The House and Senate voted today on an FY19 appropriations conference report that includes the seven remaining spending bills. The Senate took up H.J. Res. 31 first and passed it by a vote of 83-16. The no votes were from Sens. Booker (D-NJ), Braun (R-IN), Cotton (R-AR), Cruz (R-TX), Gillibrand (D-NY), Harris (D-CA), Hawley (R-MO), Inhofe (R-OK), Lee (R-UT), Markey (D-MA), Paul (R-KY), Rubio (R-FL), Sasse (R-NE), Scott (R-SC), Toomey (R-PA), and Warren (D-MA). The House followed and passed the bill by a vote of 300 to 128. Nineteen Democrats and 109 Republicans voted against the measure.
The conference report included the Agriculture, Commerce-Justice-Science, Financial Services, Homeland Security, Interior-Environment, State-Foreign Operations, and Transportation-HUD FY19 spending bills.
In order to get a final deal, conferees had to give up on including several other provisions that members were seeking, such as securing back pay for federal contractors who lost work during the 35-day partial shutdown, reauthorizing the Violence Against Women Act, retroactively extending expired tax credits, and stopping automatic spending cuts to mandatory programs under the 2010 pay-as-you-go law.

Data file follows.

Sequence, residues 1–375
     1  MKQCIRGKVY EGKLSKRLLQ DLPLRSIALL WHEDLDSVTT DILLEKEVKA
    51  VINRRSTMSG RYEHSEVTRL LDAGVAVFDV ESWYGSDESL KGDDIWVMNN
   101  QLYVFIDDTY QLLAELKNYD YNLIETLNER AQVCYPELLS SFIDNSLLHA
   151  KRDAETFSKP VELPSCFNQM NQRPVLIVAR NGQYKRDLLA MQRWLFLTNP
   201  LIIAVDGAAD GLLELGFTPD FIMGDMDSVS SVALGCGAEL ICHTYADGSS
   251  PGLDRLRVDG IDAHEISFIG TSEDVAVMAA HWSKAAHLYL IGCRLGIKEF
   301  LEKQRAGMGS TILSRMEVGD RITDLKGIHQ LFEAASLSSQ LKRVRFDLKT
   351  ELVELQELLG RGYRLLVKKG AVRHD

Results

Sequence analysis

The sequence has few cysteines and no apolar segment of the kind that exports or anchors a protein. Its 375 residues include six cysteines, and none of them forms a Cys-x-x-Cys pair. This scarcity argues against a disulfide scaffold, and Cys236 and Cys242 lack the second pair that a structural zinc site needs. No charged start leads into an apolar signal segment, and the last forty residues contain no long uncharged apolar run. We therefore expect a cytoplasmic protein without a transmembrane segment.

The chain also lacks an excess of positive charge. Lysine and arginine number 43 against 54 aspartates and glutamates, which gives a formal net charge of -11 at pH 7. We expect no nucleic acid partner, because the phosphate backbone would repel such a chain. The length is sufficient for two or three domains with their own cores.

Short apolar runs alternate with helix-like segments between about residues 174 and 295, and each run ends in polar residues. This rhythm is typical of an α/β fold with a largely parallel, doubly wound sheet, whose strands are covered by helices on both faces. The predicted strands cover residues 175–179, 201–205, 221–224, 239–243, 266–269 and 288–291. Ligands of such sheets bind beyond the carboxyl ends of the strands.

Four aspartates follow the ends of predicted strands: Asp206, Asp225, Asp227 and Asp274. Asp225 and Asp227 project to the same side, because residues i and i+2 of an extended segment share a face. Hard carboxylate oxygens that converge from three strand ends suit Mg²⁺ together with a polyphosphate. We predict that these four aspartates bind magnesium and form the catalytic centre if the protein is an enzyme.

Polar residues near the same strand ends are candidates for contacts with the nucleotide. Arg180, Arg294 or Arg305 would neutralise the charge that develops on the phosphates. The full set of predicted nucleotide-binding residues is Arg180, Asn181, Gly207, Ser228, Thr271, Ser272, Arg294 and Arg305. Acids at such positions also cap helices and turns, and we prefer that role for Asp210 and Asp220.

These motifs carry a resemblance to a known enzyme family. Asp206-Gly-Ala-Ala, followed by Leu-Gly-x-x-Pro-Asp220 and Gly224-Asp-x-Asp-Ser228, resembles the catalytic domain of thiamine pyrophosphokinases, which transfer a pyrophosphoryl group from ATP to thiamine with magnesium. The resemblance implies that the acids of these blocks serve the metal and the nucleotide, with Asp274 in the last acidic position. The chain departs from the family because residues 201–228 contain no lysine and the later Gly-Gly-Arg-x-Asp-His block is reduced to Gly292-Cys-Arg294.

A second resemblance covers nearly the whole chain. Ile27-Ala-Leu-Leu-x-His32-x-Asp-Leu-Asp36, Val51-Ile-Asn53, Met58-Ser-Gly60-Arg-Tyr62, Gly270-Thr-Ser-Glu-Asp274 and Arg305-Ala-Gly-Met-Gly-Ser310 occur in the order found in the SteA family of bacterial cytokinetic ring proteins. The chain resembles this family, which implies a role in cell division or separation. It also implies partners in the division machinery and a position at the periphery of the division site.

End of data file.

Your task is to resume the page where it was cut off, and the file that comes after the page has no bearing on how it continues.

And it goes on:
The bill now goes to the President for his signature. President Trump indicated earlier today that he will declare an emergency in order to allow the administration to redirect funds to fund a wall on the southwest border. Senate Majority Leader Mitch McConnell (R-KY) and House Minority Leader Kevin McCarthy (R-CA) said they would support this move by the President. Not all Senate Republicans, including Senate Majority Whip John Cornyn (R-TX) are on board with an emergency declaration as it sets a dangerous precedent and undermines the role of Congress. House Armed Services Committee Ranking Republican Mac Thornberry (R-TX) encouraged the President not to divert significant Department of Defense funding for border security as it would have detrimental consequences for our troops and military infrastructure. House Democrats could pass legislation to block the President’s emergency declaration. They could also sue the President and challenge his emergency declaration in court. Republicans sued then-President Barack Obama in 2014 over the Affordable Care Act. It was the first time a district-court judge affirmed the right of the House of Representatives, as an institution, to sue a sitting President.
Joint Explanatory Statement
House Democrat Summary
Senate Democrat Summary
Senate Republican Summary